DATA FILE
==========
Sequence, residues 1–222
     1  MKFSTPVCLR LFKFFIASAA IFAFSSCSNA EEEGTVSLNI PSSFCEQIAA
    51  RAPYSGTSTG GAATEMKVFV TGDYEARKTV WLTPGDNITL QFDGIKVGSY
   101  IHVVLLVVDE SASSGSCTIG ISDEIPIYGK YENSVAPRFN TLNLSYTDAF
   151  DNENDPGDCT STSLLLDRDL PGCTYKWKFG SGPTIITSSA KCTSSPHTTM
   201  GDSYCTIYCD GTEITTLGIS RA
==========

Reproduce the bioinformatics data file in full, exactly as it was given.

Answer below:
Sequence, residues 1–222
     1  MKFSTPVCLR LFKFFIASAA IFAFSSCSNA EEEGTVSLNI PSSFCEQIAA
    51  RAPYSGTSTG GAATEMKVFV TGDYEARKTV WLTPGDNITL QFDGIKVGSY
   101  IHVVLLVVDE SASSGSCTIG ISDEIPIYGK YENSVAPRFN TLNLSYTDAF
   151  DNENDPGDCT STSLLLDRDL PGCTYKWKFG SGPTIITSSA KCTSSPHTTM
   201  GDSYCTIYCD GTEITTLGIS RA